As the daughter and daughter-in-law of retired life-long postal workers I've always defended the USPS. I'm the person who stands cheerfully in line, often deflecting the grumbling and grouching of others while waiting to mail letters and packages. Never one to throw business at the guys in brown or that fancy Fed-ex I remained loyal to the place that buttered my family's bread. That's changed.
Before it was always a time to maybe see friends, meet interesting fellow human beings and just plain people-watch while queueing to accomplish a mundane task. I liked to sneak peeks at the addresses of their boxes and letters and imagine the lives at the other end. There were the postage stamp posters for entertainment if all else failed. But those trips to the P.O. have lost their charm.
Lately my upbeat attitude is as outdated as the yellowing cardboard display with it's heartfelt but naive suggestion that stamp-collecting is a healthy alternative to drugs. Ironic that the post office has gone to pot in another way so to speak. Lots of lobbies are dirty and disheveled; ravaged, never-refilled bins where forms and flat-rate (a great idea by the way) boxes should be and lifeless chains without pens at the end are the norm.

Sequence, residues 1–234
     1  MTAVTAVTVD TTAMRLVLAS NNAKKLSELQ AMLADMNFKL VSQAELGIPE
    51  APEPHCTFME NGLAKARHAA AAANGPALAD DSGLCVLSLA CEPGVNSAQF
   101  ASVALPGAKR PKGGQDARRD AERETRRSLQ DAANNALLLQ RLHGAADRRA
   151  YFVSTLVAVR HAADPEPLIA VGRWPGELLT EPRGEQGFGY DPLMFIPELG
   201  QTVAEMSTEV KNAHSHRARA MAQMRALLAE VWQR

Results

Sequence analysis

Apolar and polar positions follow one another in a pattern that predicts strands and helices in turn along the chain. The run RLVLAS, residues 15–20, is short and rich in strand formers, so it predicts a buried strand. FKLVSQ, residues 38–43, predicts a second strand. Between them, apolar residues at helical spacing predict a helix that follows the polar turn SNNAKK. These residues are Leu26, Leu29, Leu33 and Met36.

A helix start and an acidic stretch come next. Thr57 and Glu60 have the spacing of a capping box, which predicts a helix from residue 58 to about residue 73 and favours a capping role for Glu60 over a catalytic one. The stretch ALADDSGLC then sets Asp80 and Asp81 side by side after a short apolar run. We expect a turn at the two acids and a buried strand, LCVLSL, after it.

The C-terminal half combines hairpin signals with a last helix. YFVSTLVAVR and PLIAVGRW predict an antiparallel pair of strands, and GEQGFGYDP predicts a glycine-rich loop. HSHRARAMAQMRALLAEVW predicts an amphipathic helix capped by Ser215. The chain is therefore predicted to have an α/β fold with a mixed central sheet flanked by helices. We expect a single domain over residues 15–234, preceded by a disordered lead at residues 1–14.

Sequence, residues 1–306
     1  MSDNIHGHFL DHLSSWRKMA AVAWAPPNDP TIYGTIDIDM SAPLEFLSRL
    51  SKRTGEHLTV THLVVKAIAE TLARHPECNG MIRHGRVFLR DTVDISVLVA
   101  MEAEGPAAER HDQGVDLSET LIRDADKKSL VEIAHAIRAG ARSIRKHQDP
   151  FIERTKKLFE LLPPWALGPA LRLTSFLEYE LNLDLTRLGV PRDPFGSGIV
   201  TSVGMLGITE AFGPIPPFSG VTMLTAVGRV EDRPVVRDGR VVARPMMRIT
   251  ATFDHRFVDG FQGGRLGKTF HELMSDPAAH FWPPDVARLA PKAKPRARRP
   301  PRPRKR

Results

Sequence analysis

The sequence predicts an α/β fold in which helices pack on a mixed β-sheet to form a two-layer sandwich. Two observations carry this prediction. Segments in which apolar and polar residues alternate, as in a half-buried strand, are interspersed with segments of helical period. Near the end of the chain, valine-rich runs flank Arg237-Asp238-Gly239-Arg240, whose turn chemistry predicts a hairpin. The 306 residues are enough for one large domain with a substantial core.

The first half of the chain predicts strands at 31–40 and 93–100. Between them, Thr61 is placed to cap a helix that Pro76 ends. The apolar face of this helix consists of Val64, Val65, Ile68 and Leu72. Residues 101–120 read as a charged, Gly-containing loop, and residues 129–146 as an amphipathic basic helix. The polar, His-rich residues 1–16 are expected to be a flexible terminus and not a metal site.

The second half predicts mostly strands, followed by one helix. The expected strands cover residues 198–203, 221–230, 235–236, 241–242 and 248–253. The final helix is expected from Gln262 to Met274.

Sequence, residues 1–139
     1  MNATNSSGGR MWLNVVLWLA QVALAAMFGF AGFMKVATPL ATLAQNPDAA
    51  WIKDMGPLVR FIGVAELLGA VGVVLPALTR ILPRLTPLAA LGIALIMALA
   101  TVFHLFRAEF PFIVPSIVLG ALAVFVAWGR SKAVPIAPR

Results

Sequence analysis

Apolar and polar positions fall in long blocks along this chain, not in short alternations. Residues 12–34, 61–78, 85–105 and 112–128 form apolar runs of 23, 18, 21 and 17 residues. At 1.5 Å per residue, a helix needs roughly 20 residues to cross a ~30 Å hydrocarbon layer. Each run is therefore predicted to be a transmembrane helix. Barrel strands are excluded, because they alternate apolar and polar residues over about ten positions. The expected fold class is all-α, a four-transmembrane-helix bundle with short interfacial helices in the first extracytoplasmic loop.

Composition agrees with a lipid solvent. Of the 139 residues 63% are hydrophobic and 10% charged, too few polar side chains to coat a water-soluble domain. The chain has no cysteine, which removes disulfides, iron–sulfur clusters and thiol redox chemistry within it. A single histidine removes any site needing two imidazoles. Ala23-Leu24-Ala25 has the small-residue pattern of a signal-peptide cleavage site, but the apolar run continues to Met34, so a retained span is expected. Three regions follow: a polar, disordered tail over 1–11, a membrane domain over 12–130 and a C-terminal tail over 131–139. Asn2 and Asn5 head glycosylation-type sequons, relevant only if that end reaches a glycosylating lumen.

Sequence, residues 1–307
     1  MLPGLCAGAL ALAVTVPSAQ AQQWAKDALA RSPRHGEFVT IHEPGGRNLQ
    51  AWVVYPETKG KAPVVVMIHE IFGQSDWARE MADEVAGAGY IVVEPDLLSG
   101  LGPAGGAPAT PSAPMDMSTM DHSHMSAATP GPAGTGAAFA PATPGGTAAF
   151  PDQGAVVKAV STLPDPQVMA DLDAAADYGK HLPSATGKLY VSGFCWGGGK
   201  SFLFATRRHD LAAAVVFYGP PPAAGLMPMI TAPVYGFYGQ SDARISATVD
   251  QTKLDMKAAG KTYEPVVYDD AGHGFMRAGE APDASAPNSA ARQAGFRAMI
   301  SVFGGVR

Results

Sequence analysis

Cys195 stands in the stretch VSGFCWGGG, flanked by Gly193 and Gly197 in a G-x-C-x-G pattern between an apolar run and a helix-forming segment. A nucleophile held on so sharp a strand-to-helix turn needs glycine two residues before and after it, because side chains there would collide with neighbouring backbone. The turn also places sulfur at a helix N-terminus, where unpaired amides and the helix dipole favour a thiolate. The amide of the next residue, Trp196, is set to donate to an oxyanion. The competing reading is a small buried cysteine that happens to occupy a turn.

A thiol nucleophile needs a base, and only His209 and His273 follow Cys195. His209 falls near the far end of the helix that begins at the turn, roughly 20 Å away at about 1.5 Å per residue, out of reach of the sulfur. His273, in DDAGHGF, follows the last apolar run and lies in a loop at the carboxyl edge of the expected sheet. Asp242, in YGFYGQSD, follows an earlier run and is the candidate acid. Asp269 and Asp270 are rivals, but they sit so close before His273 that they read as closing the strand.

I don't want to be one of those people who enter the post office, jaw set, ready to be disappointed, much less the ones who come in itching for a fight. You know them, they sigh and roll their eyes in line, they turn around looking to the folks behind them for commiseration and mumble something about taxpayers' dollars even though the agency is solely funded by postage it collects.
Employees seem to barely make eye contact much less muster a smile. I guess they have been beat down so hard by irritated customers they are just getting through their day or is it the other way around? And why is there only one clerk when the line is out the door?
Out in the community some walking mail carriers still seem to care, but many can't be bothered and brush by you, deaf to your presence behind their earbuds. There's no longer such a thing as a regular mailman their routes change so frequently.
Should the USPS get out of the buggy-whip business and just give up? Is it a top-down or a bottom-up problem? Are there any bright ideas for breathing life into what was such a vital service? In the city we find alternatives, but little towns that lose their post office are not long for the world.
What do you think? Anyone besides me ready to break up with the post office, or am I one of the last ones still hanging on?